One of the great revelations of the last decade has been the breadth and depth of the Italian popular cinema, at last made available to non-Italian speakers through the subtitling efforts of companies like Raro Video and NoShame, as well as the private initiatives of many public-spirited cinephiles on the net. Thanks to the horror buffs, we’ve made great strides with filmmakers like Mario Bava and Riccardo Freda; Quentin Tarantino and his followers have unearthed such intriguing action directors as Fernando di Leo and Sergio Martino. Now, attention seems to be turning to the “commedia all’Italiana,” the remarkable surge of biting social comedies that accompanied Italy’s economic recovery in the 50s and 60s. Once widely distributed (and commercially successful) in the US, many of these movies have dropped out of circulation over the years, leaving major directors like Dino Risi, Luigi Zampa, Pietro Germi and Nanni Loy woefully underrepresented, but lately Raro, Criterion and Kino have been issuing rare work by Alberto Lattuada, Antonio Pietrangeli, and Marco Ferreri, hopefully with more to follow.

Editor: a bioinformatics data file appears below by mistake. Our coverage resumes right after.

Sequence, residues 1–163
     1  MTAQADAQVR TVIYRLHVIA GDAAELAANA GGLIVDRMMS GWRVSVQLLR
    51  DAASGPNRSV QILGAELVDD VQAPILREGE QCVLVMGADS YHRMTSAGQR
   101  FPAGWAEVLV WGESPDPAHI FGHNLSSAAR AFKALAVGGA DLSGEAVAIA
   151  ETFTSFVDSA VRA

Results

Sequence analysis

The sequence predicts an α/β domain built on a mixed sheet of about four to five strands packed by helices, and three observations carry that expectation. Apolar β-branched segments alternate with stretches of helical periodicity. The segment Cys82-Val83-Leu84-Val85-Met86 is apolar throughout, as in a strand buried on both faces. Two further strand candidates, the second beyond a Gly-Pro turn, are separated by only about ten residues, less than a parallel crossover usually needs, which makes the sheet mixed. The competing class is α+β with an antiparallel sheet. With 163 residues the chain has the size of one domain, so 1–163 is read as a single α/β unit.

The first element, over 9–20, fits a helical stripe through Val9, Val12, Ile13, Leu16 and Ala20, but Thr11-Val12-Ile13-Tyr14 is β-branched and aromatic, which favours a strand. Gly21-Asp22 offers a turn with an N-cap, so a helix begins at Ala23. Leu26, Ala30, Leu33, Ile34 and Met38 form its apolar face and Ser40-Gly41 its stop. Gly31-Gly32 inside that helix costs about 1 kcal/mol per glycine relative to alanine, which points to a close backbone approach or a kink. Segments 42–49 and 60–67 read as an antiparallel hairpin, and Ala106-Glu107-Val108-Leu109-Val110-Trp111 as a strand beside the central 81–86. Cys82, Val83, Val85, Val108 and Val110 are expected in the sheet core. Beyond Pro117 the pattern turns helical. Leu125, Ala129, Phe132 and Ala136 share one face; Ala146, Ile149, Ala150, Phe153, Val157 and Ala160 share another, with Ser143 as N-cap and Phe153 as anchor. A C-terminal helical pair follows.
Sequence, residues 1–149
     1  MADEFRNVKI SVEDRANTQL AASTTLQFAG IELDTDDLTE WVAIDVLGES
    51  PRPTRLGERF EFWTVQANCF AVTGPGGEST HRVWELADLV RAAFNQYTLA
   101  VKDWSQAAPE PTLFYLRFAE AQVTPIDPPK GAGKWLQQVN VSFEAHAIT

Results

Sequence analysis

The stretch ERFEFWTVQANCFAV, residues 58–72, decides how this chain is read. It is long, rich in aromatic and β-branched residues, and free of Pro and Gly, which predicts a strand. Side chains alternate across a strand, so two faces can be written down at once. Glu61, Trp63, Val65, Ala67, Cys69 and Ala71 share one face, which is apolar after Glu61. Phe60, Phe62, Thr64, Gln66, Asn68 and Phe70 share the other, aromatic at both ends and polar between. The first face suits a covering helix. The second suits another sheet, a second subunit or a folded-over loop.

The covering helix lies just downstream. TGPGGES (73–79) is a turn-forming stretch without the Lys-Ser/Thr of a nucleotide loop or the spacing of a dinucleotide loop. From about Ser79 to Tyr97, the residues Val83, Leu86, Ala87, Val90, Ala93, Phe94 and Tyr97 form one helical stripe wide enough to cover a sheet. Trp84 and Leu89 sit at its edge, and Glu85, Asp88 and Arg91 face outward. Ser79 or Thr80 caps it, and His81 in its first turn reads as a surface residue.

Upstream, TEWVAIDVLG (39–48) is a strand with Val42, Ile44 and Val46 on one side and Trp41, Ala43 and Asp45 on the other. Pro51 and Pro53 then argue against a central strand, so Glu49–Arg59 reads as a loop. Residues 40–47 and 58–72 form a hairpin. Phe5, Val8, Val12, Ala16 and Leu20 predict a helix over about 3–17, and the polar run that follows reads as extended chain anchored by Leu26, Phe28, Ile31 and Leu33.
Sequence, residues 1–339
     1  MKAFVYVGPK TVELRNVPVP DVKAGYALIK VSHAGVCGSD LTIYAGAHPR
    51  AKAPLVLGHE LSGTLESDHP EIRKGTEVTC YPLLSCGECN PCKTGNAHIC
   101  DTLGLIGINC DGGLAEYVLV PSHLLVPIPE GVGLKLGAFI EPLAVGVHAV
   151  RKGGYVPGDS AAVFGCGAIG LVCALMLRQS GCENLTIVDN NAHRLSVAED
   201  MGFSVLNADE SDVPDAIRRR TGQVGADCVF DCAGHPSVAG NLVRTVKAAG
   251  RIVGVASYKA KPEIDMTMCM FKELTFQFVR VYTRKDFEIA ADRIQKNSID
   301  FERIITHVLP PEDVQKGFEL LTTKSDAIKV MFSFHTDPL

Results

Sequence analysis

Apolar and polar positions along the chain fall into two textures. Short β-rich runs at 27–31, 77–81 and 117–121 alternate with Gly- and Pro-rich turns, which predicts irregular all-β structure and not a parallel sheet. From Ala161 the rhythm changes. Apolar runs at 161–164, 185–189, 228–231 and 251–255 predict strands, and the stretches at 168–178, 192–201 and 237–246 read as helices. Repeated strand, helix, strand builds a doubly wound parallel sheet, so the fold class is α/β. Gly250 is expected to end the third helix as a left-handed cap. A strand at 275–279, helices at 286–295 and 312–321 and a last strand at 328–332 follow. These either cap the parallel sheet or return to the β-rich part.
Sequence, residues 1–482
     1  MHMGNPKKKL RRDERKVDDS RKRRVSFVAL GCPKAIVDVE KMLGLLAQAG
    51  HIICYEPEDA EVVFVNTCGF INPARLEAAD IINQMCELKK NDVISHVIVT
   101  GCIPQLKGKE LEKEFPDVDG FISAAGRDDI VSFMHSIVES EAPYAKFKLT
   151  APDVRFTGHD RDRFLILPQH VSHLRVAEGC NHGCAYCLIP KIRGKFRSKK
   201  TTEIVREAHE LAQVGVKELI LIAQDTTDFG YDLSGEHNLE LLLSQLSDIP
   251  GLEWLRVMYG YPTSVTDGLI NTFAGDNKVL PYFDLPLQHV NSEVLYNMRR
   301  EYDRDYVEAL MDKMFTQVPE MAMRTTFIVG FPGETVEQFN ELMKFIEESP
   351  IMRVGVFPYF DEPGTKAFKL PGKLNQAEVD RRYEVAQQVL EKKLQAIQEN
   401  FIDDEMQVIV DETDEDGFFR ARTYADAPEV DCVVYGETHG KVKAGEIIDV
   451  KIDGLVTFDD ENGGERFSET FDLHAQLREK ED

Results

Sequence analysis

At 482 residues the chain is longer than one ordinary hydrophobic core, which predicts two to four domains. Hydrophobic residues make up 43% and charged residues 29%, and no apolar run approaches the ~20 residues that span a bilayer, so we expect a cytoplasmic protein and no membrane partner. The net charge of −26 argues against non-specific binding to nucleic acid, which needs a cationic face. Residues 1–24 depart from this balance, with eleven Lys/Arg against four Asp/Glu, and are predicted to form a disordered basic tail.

Mario Monicelli (above) may have been the best known of the group when he died in 2010 at the age of 95, but apart from “Big Deal on Madonna Street,” very little of his work (which includes nearly 70 titles as a director) has been visible of late in the US. Criterion has taken a big step forward with “The Organizer,” an atypically sober Monicelli film from 1963, with Marcello Mastroianni as an enigmatic labor organizer who urges factory workers toward a strike in turn of the century Turin. The film is a challenging blend of broad caricature and psychological nuance, of realist social reportage and stylized storytelling (more details here, in this week’s New York Times column). Monicelli’s equally complex “La grande guerra” from 1959 would make a terrific follow-up, but his long career has much to offer.